Film Reviews

ELEKTRA

By • Jan 14th, 2005 •

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20th Century Fox and Regency Enterprises presentation in association with Marvel Enterprises Inc. A New Regency/Horseshoe Bay production
MPAA rating PG-13 / Running time — 97 minutes

QUOTE: It’s not SCHINDLER’S LIST, but it’s not CATWOMAN either.

I’m back from 17 days cruising Antarctica. After the cruise, we spent several days in Buenos Aires. I’ll get to Antarctica’s icebergs and penguins later on in other reviews; right now, before ELEKTRA, I’d like to say a few things about Buenos Aires – a very sexy city. First, no self-respecting Argentinean woman – young or old – would appear in public without showcasing her bosom regardless of its condition. I counted twenty pregnant women proudly showing off uncovered bellies. And I now know why Argentinean polo players are so favored by rich American socialites. Argentinean men are very handsome. Argentinean women are severe. Even the homeless are good looking.

For a country that nearly collapsed due to a financial crisis of catastrophic proportions, Argentina’s capital city was flush with crowded high-end malls and packed restaurants.

Buenos Aires has everything and, it’s dangerous! We were warned to be very careful even walking around in the exclusive district where we were staying.

The Tango? With apologies to Tango aficionado Bobby Duvall, yes, anyone can learn the Tango. But only Argentineans, with their long limbs and aristocratic stern faces, can truly dance the Tango. The Tango was created to advertise their biological assets. My husband didn’t like the Tango. His only comment was: “They’re your people,” which is marriage-speak for “The men and women are anorexic.”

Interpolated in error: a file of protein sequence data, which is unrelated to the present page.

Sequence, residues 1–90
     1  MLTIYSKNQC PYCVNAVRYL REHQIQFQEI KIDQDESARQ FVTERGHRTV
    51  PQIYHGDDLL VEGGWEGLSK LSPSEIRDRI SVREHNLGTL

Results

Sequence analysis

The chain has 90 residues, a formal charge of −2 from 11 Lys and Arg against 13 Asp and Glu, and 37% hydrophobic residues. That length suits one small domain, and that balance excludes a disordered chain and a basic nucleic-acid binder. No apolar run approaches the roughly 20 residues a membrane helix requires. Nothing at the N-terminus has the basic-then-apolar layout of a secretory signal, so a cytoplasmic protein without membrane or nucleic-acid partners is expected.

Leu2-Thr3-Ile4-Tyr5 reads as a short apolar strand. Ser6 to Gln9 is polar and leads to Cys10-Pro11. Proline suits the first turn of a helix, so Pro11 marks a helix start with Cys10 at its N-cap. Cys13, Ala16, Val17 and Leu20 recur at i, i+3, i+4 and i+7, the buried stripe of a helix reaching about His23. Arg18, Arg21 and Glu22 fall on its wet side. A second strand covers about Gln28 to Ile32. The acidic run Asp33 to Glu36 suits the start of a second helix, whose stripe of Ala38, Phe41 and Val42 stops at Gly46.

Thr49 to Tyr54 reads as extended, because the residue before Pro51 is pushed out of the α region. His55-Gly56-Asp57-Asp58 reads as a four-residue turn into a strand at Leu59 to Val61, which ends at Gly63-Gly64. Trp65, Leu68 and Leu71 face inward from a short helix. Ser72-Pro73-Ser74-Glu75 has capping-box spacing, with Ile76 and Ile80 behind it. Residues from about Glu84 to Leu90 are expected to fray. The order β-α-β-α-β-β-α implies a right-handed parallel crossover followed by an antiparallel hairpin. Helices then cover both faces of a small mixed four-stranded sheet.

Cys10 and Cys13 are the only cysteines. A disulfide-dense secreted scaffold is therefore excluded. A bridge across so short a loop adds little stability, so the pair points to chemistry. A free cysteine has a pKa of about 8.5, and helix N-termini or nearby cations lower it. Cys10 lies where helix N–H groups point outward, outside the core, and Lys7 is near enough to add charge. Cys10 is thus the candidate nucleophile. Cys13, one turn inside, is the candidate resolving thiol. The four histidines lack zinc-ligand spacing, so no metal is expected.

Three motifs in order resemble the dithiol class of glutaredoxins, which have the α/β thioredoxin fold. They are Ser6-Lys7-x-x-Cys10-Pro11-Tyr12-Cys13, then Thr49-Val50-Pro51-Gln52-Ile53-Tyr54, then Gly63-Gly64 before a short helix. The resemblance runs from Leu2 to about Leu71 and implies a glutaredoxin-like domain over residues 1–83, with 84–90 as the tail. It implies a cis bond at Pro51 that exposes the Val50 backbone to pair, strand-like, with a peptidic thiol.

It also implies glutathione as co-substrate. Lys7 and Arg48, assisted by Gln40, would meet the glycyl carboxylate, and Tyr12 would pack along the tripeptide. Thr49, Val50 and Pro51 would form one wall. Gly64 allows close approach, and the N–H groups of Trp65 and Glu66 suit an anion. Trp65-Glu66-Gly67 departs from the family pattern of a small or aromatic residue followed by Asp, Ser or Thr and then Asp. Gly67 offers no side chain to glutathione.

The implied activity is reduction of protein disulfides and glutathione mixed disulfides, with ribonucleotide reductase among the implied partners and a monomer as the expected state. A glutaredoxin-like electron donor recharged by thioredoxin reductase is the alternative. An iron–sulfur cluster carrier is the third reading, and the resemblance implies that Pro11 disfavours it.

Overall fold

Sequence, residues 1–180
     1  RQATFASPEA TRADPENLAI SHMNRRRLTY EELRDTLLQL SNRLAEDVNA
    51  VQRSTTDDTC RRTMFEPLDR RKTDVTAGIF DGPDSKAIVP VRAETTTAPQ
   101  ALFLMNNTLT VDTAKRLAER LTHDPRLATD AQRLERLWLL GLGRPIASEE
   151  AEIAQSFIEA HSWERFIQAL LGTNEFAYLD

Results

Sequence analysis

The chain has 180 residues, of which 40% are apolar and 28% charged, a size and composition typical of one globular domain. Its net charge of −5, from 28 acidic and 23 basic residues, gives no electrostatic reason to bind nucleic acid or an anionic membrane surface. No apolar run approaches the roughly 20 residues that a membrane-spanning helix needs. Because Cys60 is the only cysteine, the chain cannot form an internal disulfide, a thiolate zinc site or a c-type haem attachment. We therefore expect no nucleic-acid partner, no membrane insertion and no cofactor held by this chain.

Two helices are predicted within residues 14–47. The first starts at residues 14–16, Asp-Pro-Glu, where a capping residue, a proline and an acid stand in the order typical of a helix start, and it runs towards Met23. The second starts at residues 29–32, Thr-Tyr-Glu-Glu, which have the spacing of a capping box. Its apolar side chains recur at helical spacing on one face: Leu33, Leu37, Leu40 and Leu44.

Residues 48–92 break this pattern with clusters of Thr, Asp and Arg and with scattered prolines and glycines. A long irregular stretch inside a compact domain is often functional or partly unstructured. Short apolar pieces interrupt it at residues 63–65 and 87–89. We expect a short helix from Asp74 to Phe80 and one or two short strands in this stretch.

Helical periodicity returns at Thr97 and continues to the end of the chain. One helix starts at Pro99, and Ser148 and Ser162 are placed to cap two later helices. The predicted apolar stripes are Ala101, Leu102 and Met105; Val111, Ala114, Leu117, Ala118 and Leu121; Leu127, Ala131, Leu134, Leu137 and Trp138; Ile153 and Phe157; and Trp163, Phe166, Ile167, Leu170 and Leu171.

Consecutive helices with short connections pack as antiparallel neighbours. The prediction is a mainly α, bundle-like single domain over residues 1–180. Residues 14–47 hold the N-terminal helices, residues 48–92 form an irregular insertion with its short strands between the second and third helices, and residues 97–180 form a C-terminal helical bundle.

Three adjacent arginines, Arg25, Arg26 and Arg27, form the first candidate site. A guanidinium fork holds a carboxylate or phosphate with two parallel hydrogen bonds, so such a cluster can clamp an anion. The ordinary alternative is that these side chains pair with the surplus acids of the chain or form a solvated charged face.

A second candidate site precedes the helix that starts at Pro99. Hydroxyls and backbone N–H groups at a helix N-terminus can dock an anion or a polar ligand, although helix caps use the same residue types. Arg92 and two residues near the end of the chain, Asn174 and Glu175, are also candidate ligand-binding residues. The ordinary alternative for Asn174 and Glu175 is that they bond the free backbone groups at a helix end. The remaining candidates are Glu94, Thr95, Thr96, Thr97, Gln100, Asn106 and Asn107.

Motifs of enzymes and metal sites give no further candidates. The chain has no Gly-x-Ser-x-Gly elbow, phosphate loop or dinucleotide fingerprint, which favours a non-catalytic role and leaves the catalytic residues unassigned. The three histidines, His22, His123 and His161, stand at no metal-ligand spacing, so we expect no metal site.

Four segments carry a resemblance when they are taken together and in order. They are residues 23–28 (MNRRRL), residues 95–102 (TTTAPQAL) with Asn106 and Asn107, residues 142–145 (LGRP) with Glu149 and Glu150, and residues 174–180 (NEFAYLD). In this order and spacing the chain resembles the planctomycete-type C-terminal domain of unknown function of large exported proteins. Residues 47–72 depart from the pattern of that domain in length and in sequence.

Unlike Las Vegas, I did not see one fat person in Buenos Aires.

And now ELEKTRA. I don’t know the mythology of Elektra, except that she died at the end of DAREDEVIL. I never have even seen the Marvel Comic ELEKTRA is based on, so I will judge the movie on it’s own merits. I did see DAREDEVIL, HELLBOY, and CATWOMAN. I have no prejudice against comic books segueing into “popcorn” movies. It appears we must suspend reality and will be enduring tiny U.S. and Asian females beating the crap out of huge men and vicious dogs (RESIDENT EVIL 1 & 2, BLADE: TRINITY, UNDERWORLD, and HOUSE OF FLYING DAGGERS). So be it.

Unequivocally, I continue to state that I hate “faux blind” characters in movies (THE VILLAGE, ZATOICHI, HOUSE OF FLYING DAGGERS, DAREDEVIL and now ELEKTRA). ELEKTRA has a blind master teacher, Stick (Terence Stamp) who, like all martial arts masters not written by Quentin Tarantino, pontificates. We are living through the cinematic Curse of Yoda.

Elektra Natchios (Jennifer Garner) is kind of like a modern Jesus. (Though Jesus still holds first place ranking for not only prophesizing His death and resurrection, but resurrecting Himself from the Realm of the Dead without any human intervention.) Elektra is resurrected through the healing hand of Stick.

A fancy trick for a guy with a disability.

Like all killers with super-powers, contract hitwoman Elektra doesn’t bother boring us with her hopes and dreams for a better tomorrow. She makes a pretty good living killing people and minding her own business. Deposit a couple of million in her offshore account, give her the location, and then name the target. Since Elektra doesn’t ask her handler for any details on the reason for the hits, I assume she doesn’t care whether her targets deserve elimination.

As soon as I perfect my superpowers, I promise not to enjoy them.

Elektra is bitter and killing people just isn’t the balm she hoped it would be. But it’s a living and she is very good at it. Being empowered with super-human strength and invulnerability – as well as the ability to see almost into the near future – does, however, make one morose, suspicious, and prone to living in the past. Elektra cannot get over the death of her mother. What happened to Elektra’s loving father?